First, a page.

In the first in our two-part series on the artists involved in Puppet Place’s press team, we meet emerging artist Martha Lulu King. Hailing from a theatre family background, Martha focuses on stop motion silhouette animation. Her short films have been used interactively alongside live theatre. We caught up with her to find out where her passion for film and theatre comes from, and what she’d most love to do as an artist.
What’s your background and how did you get into puppetry?
I come from a theatre family. I grew up touring the UK with horse drawn wagons while my parents worked with Horse and Bamboo Theatre. My mum was a puppet maker back then, and my dad is a performer and musician. Horse and Bamboo specialised in puppetry and mask but they also play with light and scale. This is all without dialogue, so it was fully accessible and could be taken anywhere around the world. At such a young age, this experience must have really resonated with me as it lead to the fascination I have with shadow puppetry today.
I studied Drama at Bath Spa University and stayed on to study for a masters degree in Theatre for Young Audiences. During my time there, I also gained an interest in using mixed media within live performance. Whilst working on an immersive theatre project, I wanted to make the shadow puppets move on their own so that they could be interacted with simultaneously in live performance. During my research, I discovered Lotte Reiniger who was the pioneer of silhouette stop motion animation in the 1920’s. Inspired by her ‘just do it’ attitude, I built a studio in my bedroom wardrobe and taught myself how to make shadow puppet animations.
Can you tell us about some of the projects you’ve been working on?
I’ve mostly worked on small-scale theatre projects so far. Last year as part of my masters I began devising a one-woman show that was an adaptation of Antonia Barber’s The Mousehole Cat, with interwoven memories from the 1981 Penlee Lifeboat Disaster. Both of these events involve brave men from Mousehole who risk their lives to battle a vicious winter storm. In the children’s book, there is a happy ending. However, in the true event, the men were much less fortunate. I’m from Mousehole myself. It is a small fishing village in Cornwall. We celebrate the legend of Tom Bawcock, the protagonist in The Mousehole Cat every year by singing and parading paper lanterns round the harbour side.
This project was an exploration of fiction and non-fiction and how we tell stories to bring hope in difficult situations. Within this project I focussed on using paper and various light sources to tell the narrative, as this is the language that the villagers use to remember their stories with the homemade lanterns. My silhouette animations, which are also made with paper and light, were used interactively as part of the scenography throughout, along with actual footage.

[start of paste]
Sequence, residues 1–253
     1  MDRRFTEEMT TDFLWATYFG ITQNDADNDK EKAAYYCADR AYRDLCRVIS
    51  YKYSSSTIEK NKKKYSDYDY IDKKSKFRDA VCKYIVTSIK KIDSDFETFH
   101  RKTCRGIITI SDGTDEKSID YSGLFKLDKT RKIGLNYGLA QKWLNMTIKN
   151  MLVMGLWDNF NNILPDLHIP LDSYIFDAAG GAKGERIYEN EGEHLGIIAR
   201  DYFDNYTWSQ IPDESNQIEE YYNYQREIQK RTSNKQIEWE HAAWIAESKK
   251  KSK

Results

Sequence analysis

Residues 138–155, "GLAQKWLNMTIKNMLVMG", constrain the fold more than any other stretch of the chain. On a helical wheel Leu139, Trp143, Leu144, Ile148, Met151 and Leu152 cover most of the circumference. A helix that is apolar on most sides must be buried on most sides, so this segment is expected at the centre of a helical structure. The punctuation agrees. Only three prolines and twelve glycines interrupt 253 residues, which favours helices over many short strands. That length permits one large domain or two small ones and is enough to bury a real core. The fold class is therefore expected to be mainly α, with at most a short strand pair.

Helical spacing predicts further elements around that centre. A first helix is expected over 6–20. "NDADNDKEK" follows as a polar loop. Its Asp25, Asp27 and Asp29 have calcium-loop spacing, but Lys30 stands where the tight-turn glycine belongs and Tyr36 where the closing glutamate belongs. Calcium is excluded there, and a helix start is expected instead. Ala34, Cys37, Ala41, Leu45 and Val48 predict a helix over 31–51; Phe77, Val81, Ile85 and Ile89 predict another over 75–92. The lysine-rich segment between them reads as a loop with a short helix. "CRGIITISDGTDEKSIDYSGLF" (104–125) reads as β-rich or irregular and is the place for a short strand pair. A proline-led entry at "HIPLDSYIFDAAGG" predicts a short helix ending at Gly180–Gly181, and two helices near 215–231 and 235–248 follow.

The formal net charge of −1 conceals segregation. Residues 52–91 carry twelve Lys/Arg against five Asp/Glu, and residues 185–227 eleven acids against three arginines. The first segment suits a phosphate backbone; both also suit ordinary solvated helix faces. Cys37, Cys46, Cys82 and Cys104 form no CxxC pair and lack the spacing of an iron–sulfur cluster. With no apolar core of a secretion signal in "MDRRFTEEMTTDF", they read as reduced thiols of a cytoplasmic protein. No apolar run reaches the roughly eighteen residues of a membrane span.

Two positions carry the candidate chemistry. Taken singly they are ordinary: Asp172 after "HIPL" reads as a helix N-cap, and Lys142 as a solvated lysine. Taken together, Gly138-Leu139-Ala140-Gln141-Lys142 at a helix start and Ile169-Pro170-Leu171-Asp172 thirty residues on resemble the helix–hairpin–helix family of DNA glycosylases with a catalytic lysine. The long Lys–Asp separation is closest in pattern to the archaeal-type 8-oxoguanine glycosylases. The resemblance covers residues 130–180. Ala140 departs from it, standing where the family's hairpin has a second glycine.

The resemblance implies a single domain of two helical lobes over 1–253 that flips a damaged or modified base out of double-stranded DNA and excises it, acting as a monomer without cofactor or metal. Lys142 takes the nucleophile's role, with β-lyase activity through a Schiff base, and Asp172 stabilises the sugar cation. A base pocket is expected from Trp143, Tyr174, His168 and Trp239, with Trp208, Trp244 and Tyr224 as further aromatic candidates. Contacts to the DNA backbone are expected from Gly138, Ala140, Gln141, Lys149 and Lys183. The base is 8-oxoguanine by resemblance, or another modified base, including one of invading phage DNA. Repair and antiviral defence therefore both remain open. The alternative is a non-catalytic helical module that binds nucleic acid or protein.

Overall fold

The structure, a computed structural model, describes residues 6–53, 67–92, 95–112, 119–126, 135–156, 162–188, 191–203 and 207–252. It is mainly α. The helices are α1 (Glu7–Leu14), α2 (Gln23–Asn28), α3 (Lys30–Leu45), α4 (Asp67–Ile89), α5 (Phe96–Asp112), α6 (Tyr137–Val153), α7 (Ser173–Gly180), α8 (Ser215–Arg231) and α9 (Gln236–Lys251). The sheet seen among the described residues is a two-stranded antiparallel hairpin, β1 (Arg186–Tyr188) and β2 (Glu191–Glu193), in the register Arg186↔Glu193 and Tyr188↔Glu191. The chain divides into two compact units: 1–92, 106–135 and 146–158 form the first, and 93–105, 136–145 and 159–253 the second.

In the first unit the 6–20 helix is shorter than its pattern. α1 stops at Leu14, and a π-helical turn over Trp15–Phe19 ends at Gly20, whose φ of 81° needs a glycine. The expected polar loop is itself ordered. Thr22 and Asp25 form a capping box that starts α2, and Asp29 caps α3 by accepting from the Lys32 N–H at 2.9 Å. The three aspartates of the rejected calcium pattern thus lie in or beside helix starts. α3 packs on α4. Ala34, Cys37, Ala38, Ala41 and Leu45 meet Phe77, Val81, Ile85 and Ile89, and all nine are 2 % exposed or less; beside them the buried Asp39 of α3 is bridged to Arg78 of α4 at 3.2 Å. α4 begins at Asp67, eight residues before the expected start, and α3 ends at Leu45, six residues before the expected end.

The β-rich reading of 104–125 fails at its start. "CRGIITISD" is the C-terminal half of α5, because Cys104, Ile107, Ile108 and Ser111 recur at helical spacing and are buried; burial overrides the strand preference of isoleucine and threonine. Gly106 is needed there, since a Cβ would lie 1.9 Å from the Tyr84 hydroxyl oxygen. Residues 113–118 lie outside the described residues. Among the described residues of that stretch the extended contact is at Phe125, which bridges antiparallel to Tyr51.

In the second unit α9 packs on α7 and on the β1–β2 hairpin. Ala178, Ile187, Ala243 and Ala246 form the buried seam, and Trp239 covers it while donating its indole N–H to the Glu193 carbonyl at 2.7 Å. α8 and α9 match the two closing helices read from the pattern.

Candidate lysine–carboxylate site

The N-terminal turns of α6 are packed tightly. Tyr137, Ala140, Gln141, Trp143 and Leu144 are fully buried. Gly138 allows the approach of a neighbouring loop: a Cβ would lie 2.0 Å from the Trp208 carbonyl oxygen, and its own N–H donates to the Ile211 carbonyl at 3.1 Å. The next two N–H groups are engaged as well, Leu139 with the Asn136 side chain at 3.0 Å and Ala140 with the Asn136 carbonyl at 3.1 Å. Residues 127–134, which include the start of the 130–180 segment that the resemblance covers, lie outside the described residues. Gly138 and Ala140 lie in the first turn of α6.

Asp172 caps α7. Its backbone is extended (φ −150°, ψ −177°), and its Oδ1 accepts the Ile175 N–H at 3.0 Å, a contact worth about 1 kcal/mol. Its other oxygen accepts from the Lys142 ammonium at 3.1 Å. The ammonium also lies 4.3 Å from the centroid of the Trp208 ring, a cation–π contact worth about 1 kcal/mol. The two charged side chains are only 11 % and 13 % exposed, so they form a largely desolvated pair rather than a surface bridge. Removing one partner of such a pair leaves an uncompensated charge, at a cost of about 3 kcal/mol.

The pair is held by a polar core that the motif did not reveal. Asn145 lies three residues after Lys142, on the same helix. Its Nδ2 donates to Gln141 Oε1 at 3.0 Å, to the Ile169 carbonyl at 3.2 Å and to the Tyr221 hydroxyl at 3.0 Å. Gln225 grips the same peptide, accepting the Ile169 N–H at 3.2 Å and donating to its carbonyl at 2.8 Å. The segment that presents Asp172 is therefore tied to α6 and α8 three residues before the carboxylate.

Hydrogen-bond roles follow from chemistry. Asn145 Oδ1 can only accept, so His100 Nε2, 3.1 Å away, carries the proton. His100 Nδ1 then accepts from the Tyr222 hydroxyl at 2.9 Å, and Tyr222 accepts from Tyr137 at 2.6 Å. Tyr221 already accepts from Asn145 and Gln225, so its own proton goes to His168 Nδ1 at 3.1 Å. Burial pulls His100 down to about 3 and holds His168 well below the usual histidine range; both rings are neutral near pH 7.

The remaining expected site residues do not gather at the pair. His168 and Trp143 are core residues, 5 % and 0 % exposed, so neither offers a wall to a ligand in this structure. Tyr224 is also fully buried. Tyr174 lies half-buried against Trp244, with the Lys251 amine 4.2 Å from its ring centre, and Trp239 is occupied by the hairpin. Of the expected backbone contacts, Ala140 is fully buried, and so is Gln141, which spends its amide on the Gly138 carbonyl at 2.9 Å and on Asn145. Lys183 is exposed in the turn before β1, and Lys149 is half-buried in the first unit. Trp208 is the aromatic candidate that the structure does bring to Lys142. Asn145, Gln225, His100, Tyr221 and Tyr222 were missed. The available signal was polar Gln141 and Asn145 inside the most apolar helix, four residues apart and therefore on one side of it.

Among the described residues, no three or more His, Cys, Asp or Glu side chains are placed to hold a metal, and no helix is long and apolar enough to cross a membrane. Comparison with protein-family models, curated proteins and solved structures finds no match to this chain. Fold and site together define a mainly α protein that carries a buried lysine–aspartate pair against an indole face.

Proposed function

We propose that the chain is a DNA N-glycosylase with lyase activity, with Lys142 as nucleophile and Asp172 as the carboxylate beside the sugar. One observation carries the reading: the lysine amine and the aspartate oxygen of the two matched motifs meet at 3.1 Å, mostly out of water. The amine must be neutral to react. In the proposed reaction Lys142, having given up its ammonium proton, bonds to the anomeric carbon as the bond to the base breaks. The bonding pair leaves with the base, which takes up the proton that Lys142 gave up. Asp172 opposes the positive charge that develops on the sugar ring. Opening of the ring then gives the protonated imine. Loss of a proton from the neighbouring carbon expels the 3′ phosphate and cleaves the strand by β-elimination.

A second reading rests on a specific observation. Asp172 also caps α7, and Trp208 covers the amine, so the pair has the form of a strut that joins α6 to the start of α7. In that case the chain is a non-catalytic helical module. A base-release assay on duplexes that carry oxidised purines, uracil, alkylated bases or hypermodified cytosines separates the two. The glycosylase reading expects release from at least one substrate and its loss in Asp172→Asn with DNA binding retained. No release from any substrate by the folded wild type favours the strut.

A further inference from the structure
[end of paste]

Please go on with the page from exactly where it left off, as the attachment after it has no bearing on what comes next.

Most recently I made an animation called CAT in collaboration with Bigger House Film, who produced it, and my dad, Jo King, who wrote the music. This project gave me the opportunity to step out of my bedroom wardrobe and into a bigger studio. I designed and made a multi-plane lightbox, which was brilliant as I could experiment using different layers and backgrounds made from tracing paper and black cardboard to create more depth within my work.
This animation is about a cat that seeks adventure and escape from the busy everyday normality. As stop frame animation takes such a long time to make, I’ve found the narrative usually has to be very simple in order to have more of an impact, especially in a short film. This is the part that I find most challenging as I get carried away with ideas and have to reign them back in! CAT is my first collaboration piece and has built up my experience and portfolio as an animator. I intend to submit it to film and puppetry festivals this year.
What are your aspirations?
I’m hoping that soon I will find a way to support myself and become a freelance animator. I want to collaborate with other emerging artists. I’ve already spoken with musicians who would be interested in using my work in a music video and spoken word artists who need a visual aesthetic for their words. So, fingers crossed, I can start making more work with other people alongside my own short story projects.
Interview with Emma Windsor